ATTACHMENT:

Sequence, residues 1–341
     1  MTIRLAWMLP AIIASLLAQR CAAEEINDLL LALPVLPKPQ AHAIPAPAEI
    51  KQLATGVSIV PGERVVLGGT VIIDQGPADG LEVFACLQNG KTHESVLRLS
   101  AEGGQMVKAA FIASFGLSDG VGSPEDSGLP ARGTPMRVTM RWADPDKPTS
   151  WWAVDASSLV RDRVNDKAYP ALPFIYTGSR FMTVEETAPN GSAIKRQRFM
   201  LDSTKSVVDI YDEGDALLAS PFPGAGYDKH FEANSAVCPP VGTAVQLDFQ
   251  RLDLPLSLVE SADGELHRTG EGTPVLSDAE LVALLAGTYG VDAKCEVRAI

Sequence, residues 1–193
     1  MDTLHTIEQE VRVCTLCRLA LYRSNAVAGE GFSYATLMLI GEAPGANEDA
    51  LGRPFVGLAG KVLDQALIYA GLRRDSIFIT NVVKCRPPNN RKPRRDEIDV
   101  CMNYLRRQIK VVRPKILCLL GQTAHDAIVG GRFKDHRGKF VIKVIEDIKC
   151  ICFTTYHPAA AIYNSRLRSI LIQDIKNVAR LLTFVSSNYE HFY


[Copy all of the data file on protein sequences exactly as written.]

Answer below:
Sequence, residues 1–341
     1  MTIRLAWMLP AIIASLLAQR CAAEEINDLL LALPVLPKPQ AHAIPAPAEI
    51  KQLATGVSIV PGERVVLGGT VIIDQGPADG LEVFACLQNG KTHESVLRLS
   101  AEGGQMVKAA FIASFGLSDG VGSPEDSGLP ARGTPMRVTM RWADPDKPTS
   151  WWAVDASSLV RDRVNDKAYP ALPFIYTGSR FMTVEETAPN GSAIKRQRFM
   201  LDSTKSVVDI YDEGDALLAS PFPGAGYDKH FEANSAVCPP VGTAVQLDFQ
   251  RLDLPLSLVE SADGELHRTG EGTPVLSDAE LVALLAGTYG VDAKCEVRAI

Sequence, residues 1–193
     1  MDTLHTIEQE VRVCTLCRLA LYRSNAVAGE GFSYATLMLI GEAPGANEDA
    51  LGRPFVGLAG KVLDQALIYA GLRRDSIFIT NVVKCRPPNN RKPRRDEIDV
   101  CMNYLRRQIK VVRPKILCLL GQTAHDAIVG GRFKDHRGKF VIKVIEDIKC
   151  ICFTTYHPAA AIYNSRLRSI LIQDIKNVAR LLTFVSSNYE HFY